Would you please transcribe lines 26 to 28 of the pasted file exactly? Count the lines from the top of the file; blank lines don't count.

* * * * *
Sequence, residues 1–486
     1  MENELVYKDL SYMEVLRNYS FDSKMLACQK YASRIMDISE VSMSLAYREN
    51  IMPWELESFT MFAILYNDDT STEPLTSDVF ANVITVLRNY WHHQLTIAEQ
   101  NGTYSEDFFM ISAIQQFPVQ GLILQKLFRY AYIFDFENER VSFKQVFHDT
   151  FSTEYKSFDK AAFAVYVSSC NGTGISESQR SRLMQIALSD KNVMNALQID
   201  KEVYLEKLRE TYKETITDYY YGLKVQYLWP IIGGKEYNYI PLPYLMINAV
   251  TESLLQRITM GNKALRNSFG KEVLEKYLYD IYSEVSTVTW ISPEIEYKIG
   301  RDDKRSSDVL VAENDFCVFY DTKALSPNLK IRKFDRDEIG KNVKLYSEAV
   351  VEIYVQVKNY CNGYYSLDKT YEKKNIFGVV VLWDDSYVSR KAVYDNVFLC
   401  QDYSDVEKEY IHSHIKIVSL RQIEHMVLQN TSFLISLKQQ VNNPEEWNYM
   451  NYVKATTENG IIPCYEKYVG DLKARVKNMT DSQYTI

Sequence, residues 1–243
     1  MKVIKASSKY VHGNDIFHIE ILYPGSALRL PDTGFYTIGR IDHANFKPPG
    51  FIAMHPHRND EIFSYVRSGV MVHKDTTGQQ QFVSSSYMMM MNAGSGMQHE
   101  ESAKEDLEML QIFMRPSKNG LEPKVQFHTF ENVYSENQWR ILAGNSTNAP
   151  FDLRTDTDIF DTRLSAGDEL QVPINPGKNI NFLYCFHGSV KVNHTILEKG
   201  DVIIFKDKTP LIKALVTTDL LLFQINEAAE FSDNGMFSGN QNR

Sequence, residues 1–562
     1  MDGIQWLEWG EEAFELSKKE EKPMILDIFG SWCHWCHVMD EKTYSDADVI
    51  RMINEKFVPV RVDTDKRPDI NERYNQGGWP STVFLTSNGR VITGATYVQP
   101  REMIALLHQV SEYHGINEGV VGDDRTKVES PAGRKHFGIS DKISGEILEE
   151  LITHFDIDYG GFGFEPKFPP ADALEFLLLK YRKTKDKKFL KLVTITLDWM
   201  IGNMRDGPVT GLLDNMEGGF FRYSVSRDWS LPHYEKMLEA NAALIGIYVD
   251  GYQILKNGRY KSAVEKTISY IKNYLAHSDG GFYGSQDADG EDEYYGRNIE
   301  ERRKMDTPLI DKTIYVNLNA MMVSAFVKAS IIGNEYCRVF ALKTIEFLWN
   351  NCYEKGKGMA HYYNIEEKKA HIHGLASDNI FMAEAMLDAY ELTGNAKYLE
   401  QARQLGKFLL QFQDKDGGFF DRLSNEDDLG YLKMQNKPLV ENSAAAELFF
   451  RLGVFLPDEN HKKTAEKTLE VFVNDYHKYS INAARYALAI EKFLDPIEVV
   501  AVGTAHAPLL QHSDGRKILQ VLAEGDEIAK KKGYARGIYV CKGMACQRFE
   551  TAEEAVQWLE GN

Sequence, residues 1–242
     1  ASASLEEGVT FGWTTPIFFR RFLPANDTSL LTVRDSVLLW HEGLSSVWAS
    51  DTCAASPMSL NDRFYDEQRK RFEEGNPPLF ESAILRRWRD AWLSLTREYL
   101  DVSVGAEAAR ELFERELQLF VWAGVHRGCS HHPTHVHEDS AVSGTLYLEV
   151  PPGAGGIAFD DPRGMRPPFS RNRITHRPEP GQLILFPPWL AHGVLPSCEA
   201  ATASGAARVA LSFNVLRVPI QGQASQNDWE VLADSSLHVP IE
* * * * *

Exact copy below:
   351  NCYEKGKGMA HYYNIEEKKA HIHGLASDNI FMAEAMLDAY ELTGNAKYLE
   401  QARQLGKFLL QFQDKDGGFF DRLSNEDDLG YLKMQNKPLV ENSAAAELFF
   451  RLGVFLPDEN HKKTAEKTLE VFVNDYHKYS INAARYALAI EKFLDPIEVV